Voiced by three unforgettable characters – Frankie, Jojo, and Ram, Frankie’s ex boyfriend - whose lives are inextricably bound by unexpected, life-changing circumstances, this impactful novel sparkles with heart, hope and a riveting storyline. Jojo and Frankie have been best friends since forever. Both promising actresses, their lives are on the brink of new horizons, so when Jojo doesn’t turn up to collect her GCSE results, Frankie is frantic with worry. Then, when she eventually hears from Jojo, and also hears a baby crying in the background, Frankie puts two and two together to get six. Could Jojo be responsible for the stolen baby that’s being reported on the local news? Fearing the worst, Frankie does what she must for her dear friend. She tracks her down and discovers an unimaginable truth that truly tests their relationship. Radiant with uplifting portrayals of friendship, and demonstrating that it’s possible to find a way through even the most seemingly impossible situations, this poignant page-turner packs a whole lot of punch in the author’s inimitably empathetic style. Of particular note is the way the novel shows that adults don’t always have the right answer, that life can be confusing no matter what your age, which demonstrates Williamson’s singular respect for her YA readers - she never talks down, and always writes in a spirit of openness.
November 2020 Book of the Month | The Silent Stars Go By is a riveting read-in-one-sitting experience driven by compelling characters who leap off the page, not least the young woman at its heart, an unmarried secretarial student who’s forced to give up her baby during WWI. The novel is also underpinned by a superb sense of social history, with evocative details of post-war village life nestling within the bigger story, and - as might be expected of the author of Things a Bright Girl Can Do - it’s threaded with feminist themes. It’s 1919, Christmas is on the horizon and two years have passed since nineteen-year-old Margot was forced to give up her baby for her parents to raise as their own. She was only fifteen when she and Harry fell madly in love ahead of him being called up. The magic of their time together is evoked in all its tingling passion, contrasting with Margot’s present-day torments. It hurts when little James calls her mother “Mummy”, and she doesn’t know how she can continue to keep James a secret from Harry, who’s returned to the village after recuperating on the Isle of Wight. The flashbacks to Margot’s time on the maternity ward are particularly poignant and, of course, the reason she has to endure this unbearable situation is due to the fact that she lives in a world in which “the girl is the one whose honour is defiled or whatever rot they spout” whereas “the boy is just being a boy”. Coupled with that wider context, Margot’s vicar father is a man who “forgave drunks and tramps and fallen women and the men who tried to steal the lead from the church roof. But he couldn’t forgive her.” Realising that “things couldn’t go on like this,” Margot decides to confront her fears amidst the rare glamour of a ball on New Year’s Eve. You can find more wintry & festive stories in our Best Books for Kids this Christmas collection.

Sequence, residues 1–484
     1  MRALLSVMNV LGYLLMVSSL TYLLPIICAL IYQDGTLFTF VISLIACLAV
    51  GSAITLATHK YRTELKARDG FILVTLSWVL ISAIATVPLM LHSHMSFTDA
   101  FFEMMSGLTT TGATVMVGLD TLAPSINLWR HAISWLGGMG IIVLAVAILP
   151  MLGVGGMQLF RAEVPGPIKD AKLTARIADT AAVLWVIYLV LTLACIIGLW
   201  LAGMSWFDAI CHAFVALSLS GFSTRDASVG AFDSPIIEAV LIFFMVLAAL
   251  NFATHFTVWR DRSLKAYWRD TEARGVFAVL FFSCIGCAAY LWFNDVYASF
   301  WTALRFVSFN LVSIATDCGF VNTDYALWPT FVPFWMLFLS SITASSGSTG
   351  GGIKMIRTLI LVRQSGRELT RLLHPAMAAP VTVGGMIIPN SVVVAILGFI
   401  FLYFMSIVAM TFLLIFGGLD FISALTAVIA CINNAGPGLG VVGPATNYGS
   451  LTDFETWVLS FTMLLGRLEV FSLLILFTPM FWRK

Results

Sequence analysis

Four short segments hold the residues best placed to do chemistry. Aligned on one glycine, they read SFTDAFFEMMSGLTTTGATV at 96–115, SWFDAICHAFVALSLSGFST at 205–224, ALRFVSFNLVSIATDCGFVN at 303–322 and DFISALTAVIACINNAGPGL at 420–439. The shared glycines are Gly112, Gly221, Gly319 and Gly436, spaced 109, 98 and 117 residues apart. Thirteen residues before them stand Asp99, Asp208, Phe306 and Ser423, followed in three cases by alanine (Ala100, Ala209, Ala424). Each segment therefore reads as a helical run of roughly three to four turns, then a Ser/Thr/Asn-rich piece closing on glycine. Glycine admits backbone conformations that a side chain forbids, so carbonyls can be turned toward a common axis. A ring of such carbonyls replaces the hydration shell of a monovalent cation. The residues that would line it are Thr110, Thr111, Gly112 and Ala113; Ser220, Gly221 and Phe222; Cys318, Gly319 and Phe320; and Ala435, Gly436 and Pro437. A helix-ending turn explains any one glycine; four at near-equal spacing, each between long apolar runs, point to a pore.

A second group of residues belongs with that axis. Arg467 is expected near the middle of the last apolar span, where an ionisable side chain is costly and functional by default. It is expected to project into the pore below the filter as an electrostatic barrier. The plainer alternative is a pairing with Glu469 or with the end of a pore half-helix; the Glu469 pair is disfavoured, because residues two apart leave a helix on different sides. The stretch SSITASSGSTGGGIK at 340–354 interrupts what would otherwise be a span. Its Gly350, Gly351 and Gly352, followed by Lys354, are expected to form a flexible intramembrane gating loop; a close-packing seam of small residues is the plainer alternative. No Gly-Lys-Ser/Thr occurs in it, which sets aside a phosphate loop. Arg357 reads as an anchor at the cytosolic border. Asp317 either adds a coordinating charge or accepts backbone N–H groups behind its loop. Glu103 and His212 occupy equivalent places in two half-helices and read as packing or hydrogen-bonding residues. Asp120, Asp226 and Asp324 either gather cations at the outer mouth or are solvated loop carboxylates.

December 2020 Book of the Month | Jacqueline Wilson writes about young teenage girls with real understanding, sensitivity and affection, and she’s at her best in the story of Frankie, who finds herself head over heels in love with, of all people, the girl she thought was her worst enemy. As with most thirteen-going-on-fourteen year olds, Frankie is a mess of emotions, resenting her dad for leaving her mum, but needing him too; happy with her childhood friend Sam, but alarmed when he seems to want to change their relationship into something else; and above all confused by her new feelings for Sally. Sally is even more mixed up and her desperate need for love and attention puts Frankie at risk of real hurt. Wilson creates a loving family the support her heroine though and, like so many of her characters, Frankie develops the strength to be honest about who she is and therefore emerges unscathed. Her story is everything you expect from this writer – real, moving and enormously satisfying. Go to Jacqueline's Instagram for Love Frankie videos and links!
Often regarded as Jane Austen’s greatest work, the eponymous Emma is an attractive, altruistic, self-absorbed young woman of means who’s sworn off marriage, addicted to match-making her circle of friends (with usually dreadful results), and - horror of horrors! - falls in love. This prettily packaged Wordsworth Collector’s Edition will make a delightful gift for a friend, or a great addition to school libraries, with a hardback format that’s both attractive and resilient. The Wordsworth Collector's Editions make wonderful presents for children; you can find more in the series here.